>> >>> > you describe is no more a program, but a program + an oracle, the
>> >>> oracle
>> >>> > obviously is not simulable on a turing machine, or an infinite
>> regress
>> >>> of
>> >>> > level.
>> >>> >
>> >>> >
>> >>> The simulated hardware can't fail in the model, just like a turing
>> >>> machine
>> >>> can't fail. Of course in reality it can fail, that is beside the
>> point.
>> >>>
>> >>> You are right, my explanation is not that clear, because it is a quite
>> >>> subtle thing.
>> >>>
>> >>> Maybe I shouldn't have used the word "hardware". The point is just
>> that
>> >>> we
>> >>> can define (meta-)programs that have access to some aspect of programs
>> >>> that
>> >>> are below it on the program hierarchy (normal programs), that can't be
>> >>> accessed by the program themselves. They can't emulated in general,
>> >>> because
>> >>> sometimes the emulating program will necessarily emulate the wrong
>> level
>> >>> (because it can't correctly emulate that the meta-program is accessing
>> >>> what
>> >>> it is *actually* doing on the most fundamental level).
>> >>> They still are programs in the most fundamental sense.
>> >>>
>> >>> They don't require oracles or something else that is hard to actually
>> >>> use,
>> >>> they just have to know something about the hierarchy and the programs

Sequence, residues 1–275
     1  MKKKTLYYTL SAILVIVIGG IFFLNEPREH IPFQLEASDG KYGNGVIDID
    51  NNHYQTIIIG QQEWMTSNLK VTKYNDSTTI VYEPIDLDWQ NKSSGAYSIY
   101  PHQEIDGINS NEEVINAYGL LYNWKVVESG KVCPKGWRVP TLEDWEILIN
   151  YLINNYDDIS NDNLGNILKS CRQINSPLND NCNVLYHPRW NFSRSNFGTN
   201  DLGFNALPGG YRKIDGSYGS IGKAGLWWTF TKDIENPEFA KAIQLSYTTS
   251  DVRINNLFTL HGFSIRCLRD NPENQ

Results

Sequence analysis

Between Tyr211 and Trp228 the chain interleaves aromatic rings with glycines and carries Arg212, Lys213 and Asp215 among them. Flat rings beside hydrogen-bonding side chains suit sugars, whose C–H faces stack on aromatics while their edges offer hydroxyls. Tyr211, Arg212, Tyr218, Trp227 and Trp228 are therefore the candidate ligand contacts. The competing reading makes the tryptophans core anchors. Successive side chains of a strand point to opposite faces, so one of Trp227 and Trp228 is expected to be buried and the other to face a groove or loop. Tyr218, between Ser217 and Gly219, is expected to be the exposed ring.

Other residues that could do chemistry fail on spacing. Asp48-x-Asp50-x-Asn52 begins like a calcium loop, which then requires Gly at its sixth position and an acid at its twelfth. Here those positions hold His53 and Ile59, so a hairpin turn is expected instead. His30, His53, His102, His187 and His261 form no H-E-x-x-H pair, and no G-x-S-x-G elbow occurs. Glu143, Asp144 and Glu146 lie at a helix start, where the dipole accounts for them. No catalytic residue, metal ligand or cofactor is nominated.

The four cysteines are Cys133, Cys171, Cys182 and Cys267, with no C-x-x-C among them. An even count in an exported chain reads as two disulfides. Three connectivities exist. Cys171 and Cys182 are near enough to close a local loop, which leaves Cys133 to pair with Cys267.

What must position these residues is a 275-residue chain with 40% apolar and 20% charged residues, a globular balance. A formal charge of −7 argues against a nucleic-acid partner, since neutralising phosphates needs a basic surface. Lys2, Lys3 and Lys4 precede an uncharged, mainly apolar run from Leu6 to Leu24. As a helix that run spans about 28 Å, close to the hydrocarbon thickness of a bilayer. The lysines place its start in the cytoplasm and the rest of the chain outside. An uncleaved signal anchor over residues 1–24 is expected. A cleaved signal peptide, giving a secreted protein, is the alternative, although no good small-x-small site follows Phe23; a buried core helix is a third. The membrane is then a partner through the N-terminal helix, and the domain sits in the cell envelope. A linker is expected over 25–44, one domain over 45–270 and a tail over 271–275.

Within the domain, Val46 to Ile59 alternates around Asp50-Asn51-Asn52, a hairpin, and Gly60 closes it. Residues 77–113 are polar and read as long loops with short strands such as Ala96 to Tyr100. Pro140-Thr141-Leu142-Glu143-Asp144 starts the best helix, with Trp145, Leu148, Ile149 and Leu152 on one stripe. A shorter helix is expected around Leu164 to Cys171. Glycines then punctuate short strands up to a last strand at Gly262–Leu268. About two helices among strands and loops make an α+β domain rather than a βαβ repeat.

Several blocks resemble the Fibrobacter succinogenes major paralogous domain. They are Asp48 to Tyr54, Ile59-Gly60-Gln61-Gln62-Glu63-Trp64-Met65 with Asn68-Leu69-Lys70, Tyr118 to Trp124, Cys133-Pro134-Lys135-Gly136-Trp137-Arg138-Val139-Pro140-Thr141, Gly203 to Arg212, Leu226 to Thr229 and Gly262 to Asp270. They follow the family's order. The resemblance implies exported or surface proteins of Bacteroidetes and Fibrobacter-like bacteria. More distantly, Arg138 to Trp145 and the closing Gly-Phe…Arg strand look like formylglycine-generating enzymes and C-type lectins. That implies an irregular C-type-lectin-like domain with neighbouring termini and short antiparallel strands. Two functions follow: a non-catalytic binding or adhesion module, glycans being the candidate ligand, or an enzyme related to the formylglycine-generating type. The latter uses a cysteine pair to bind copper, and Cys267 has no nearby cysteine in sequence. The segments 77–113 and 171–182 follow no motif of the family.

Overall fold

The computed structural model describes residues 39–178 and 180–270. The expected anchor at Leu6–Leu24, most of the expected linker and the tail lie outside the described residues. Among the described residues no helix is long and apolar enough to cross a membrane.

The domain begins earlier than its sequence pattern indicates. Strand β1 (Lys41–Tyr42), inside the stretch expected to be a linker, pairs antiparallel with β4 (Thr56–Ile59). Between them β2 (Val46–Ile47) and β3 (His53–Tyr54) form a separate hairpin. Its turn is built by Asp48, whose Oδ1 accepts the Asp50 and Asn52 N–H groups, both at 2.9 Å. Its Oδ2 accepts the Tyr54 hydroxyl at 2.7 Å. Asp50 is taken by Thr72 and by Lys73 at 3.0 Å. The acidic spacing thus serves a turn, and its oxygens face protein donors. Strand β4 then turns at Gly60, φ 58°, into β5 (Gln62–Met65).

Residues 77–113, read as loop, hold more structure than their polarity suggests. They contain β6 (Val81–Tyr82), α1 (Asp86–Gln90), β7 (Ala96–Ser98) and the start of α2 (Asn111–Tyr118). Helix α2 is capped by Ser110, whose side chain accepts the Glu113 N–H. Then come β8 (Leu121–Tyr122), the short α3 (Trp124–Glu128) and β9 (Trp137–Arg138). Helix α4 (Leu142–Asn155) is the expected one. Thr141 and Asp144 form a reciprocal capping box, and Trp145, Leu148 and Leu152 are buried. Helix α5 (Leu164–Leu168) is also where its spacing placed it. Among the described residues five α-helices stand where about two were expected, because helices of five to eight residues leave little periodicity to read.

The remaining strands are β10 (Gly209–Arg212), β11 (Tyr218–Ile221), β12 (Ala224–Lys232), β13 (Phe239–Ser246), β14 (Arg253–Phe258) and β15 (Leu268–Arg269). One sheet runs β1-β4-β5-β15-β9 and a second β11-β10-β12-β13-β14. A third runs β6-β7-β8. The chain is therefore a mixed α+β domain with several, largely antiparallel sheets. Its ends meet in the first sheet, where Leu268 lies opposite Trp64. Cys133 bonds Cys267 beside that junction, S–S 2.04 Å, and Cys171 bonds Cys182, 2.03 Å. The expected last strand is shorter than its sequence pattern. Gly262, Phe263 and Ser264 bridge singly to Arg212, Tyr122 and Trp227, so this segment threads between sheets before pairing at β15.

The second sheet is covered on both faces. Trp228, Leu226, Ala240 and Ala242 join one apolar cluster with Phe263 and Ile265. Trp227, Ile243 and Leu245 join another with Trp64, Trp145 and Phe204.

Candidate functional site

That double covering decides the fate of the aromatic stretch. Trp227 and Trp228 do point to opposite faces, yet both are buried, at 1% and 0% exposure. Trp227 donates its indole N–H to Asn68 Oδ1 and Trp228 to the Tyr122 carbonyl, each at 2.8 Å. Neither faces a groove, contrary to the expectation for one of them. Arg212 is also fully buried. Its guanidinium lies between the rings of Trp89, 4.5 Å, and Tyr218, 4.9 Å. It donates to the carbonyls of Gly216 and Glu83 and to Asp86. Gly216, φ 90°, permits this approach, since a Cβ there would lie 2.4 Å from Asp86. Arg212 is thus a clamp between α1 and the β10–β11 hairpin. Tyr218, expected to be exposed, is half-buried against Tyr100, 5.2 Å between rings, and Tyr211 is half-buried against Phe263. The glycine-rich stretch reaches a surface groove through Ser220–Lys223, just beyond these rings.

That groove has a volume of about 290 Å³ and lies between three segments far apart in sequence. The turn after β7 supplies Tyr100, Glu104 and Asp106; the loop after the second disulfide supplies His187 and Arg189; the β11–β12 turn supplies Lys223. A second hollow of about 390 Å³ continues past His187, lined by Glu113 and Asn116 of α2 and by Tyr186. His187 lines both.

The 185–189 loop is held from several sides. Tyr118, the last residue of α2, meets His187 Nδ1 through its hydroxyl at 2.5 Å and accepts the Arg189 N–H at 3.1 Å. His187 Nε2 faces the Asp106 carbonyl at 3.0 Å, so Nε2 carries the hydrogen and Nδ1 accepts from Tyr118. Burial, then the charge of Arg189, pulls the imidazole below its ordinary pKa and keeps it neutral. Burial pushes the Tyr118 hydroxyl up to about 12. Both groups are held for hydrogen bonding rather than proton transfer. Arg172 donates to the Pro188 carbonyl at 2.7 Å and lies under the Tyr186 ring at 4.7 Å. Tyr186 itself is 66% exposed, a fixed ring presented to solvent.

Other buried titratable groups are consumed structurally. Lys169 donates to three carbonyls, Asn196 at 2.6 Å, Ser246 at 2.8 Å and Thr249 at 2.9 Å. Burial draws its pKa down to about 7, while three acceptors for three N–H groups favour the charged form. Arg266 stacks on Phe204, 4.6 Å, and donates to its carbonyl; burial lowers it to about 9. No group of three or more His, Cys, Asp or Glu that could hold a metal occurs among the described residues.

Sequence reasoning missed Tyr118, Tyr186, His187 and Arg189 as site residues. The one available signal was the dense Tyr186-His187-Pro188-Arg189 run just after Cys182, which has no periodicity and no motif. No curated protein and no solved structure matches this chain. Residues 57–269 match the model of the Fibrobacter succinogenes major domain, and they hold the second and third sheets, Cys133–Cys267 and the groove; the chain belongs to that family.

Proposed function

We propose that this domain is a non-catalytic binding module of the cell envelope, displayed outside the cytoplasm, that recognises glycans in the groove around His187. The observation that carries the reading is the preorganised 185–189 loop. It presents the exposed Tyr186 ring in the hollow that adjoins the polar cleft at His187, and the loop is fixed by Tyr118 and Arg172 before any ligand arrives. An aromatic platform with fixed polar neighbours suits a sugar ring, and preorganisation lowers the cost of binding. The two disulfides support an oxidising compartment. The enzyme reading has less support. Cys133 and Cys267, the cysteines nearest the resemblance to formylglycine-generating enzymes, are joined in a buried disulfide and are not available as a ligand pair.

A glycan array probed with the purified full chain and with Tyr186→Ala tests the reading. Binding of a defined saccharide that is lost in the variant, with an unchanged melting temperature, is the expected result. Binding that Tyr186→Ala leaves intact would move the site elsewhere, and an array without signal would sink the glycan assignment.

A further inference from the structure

>> >>> involved (which programs or kind of programs are above or below it)
>> and
>> >>> have
>> >>> access to the states of other programs. Both are perfectly
>> implementable
>> >>> on
>> >>> a normal computer. They can even be implemented on a turing machine,
>> but
>> >>> not
>> >>> in general. They can also be simulated on turing machines, just not
>> >>> necessarily correctly (the turing machine may incorrectly ignore which
>> >>> level
>> >>> it is operating on relative to the meta-program).
>> >>>
>> >>
>> >> I still don't see why, what you describe is wishful thinking, or you're
>> >> wrong, or you can't explain correctly, what I understand from what you
>> >> write, is that you are wrong.
>> >>
>> >>>
>> >>> We can still argue that these aren't programs in every sense but I
>> think
>> >>> what is executable on a normal computer can be rightfully called
>> >>> program.
>> >>>
>> >>
>> >> Then if it's executable, then the simulated thing can't be different
>> >> (give
>> >> different results) than the non simulated one, so it's clear you don't
>> >> understand what is a computer and what is a program.
>> >>
>> >>
>> > And I can show that you're wrong:
>> >
>> > - You say you can write a program on an actual computer that can know it
>> > is
>> > running on "real" hardware such that I could not create a virtual